Chronic stress is a serious health issue. It effects our bodies, minds and spirits in ways we’re just beginning to discern. It’s tricky to treat. The advocates of psychotropic pharmaceuticals haven’t found anything that works beyond dampening it down. Their stuff causes so many side effects that I steer folks away from them, even though that’s risky from a professional perspective. Talk therapy, when conducted along traditional lines, doesn’t work. Critter-facilitated growth and education models work great, when they’re conducted well. There are other interventions that work too. We’re here to talk about horses though, so for now I’m sticking to that.
Now it well may be true that as horses mature, they become more attached to certain roles and styles. This matches my observations, mostly. What doesn’t match is the theory that they’re stuck with whatever personality they get off the van with. That, I’m sure isn’t so. I’ve seen far too many horses, dogs, cats and humans go through enormous overhauls in those sectors successfully. Our nervous systems are tremendously malleable. So are theirs.
Look under the hood…
Sometimes, what looks like a personality issue, or even a character disorder, isn’t. It’s a physiological problem. If a critter demonstrates problematic behavioral issues, look under the hood. Liver issues often look like irritability, sometimes even viciousness. Get them on a better diet and some supplemental herbs and watch them settle into the loving, curious open spirits they were born to be. Gut issues can also sometimes be the foundation of behavioral issues. There are loads of neurons in our guts. If that biome gets off balance, so does behavior.
Allergies and sensitivities are on the upswing, probably as a result of the contaminants in our food and water. The critter food has even worse issues than the human food supply chain these days. This can have behavioral consequences too. We ALL can get cranky when our systems get out of whack. After a lifetime of bumping into the physiological behavioral drivers, I have learned to look. The best results have come from consulting with a great holistic vet who is a whiz at kinesthetic testing.
I know one who works over the phone. She works with horses wherever they are, if you can get a phone secured to them, she can do her thing. She saved my cats and me about 18-months ago when she picked up black mold and glyphosate in the cats. I had the water supply and house tested. The water was contaminated with Round Up (which she says she finds consistently across the States) and I discovered a horrible black mold infestation from poorly installed windows in the house. It’s been a monumental ordeal, but we’re all on the upswing now.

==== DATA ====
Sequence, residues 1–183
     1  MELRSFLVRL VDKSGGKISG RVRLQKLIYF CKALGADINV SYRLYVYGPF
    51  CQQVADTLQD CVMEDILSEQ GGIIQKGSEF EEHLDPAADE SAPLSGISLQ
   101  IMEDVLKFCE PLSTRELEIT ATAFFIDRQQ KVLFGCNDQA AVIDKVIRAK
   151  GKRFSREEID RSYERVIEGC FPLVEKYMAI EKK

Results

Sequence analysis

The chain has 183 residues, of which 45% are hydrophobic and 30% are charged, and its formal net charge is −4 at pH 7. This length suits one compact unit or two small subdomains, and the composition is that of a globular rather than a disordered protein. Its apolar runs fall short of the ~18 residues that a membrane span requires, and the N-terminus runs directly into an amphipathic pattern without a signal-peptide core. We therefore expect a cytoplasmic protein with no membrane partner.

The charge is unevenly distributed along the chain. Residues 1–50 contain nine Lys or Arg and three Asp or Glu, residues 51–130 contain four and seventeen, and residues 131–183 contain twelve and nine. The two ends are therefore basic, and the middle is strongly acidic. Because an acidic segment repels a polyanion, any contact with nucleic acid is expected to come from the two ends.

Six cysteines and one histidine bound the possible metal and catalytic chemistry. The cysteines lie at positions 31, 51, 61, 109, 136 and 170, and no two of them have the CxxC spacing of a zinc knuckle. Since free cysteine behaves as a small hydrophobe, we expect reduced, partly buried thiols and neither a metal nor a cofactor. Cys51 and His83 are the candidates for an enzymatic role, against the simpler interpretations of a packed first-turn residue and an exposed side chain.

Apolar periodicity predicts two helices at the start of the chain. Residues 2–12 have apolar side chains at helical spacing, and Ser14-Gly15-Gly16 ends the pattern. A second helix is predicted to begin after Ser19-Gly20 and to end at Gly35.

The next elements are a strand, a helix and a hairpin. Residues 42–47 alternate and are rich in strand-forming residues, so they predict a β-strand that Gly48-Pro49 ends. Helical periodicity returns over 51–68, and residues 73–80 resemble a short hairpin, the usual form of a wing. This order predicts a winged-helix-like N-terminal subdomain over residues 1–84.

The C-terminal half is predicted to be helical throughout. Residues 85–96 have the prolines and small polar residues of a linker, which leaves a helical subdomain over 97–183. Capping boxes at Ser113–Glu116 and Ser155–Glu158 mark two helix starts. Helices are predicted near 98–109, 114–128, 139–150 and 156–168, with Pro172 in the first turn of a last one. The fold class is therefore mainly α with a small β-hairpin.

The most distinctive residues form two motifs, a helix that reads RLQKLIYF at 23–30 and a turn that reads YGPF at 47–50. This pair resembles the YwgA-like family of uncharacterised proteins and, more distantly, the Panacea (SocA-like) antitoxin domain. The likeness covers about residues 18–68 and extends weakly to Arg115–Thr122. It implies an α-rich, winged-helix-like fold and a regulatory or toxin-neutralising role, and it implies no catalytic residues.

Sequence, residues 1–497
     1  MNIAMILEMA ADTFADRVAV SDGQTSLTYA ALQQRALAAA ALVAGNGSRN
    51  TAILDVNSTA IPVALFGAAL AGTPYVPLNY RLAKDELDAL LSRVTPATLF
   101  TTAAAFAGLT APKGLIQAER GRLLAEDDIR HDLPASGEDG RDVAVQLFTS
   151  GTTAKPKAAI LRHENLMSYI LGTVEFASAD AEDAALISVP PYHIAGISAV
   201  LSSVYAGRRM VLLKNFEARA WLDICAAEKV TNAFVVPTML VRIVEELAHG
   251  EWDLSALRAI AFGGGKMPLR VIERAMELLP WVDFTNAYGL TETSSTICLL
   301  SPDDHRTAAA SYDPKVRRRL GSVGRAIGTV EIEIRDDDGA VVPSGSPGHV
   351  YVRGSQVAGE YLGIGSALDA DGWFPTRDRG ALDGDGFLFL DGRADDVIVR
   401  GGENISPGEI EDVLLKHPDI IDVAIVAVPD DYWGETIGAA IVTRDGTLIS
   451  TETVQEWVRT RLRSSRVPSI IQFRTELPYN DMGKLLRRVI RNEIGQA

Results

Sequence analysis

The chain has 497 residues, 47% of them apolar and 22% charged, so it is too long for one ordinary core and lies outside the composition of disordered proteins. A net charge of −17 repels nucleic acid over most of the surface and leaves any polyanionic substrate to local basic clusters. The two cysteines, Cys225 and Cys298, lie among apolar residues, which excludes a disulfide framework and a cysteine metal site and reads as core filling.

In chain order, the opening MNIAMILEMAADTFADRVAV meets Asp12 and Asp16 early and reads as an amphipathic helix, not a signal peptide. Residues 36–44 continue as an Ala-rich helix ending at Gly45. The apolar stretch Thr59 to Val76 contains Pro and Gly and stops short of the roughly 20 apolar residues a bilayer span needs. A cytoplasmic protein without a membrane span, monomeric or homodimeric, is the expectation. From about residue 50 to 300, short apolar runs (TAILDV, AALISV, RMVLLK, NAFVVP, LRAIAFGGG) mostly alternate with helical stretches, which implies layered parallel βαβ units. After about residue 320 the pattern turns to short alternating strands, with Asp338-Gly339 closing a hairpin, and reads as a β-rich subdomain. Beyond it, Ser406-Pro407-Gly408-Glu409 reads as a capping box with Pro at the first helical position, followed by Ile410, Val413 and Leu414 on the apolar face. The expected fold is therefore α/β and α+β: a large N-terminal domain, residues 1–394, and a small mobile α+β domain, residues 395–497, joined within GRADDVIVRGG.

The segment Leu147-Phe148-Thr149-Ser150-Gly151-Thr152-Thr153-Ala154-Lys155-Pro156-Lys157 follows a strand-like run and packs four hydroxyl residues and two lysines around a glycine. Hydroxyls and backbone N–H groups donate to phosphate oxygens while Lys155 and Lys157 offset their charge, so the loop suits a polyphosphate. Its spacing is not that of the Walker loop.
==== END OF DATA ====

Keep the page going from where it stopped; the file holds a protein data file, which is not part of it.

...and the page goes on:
I am now working on dysfunctional behavioral patterns that I had adopted while my health was deteriorating. My liver was failing, unbeknownst to me. While that was happening, everybody on two legs gradually transformed into idiots, from my compromised perspective. I began to lose my temper over dumb, little stuff. When driving, I began to screech at other drivers, from behind closed windows… I was turning into an A-1 jerk and I couldn’t stop it. It all looked like other peoples’ fault. Once I got the mold and glyphosate out of my system, my thoughts changed back to my earlier style, unless I’m triggered. I’m working on diffusing the triggers now, but it’s a process to reclaim one’s mind after it’s been hijacked. We have to retrain our nervous systems. The same stuff happens with our critter friends and family.
When deciding how to approach a practice that works with equines, my proclivities cause me to favor the diversity model. Others will gravitate toward policies and procedures. We, our horses and clients need both to be in balance. My style is to read, listen and watch as many different approaches as I can. I also like to throw out what I’m up to, to others. That helps me expand my network and skill level simultaneously. I have more information from which to draw when I’m out there with clients and horses, concentrating on the energetics of the moment. Hopefully, my experience will prove useful to others when they’re out there too.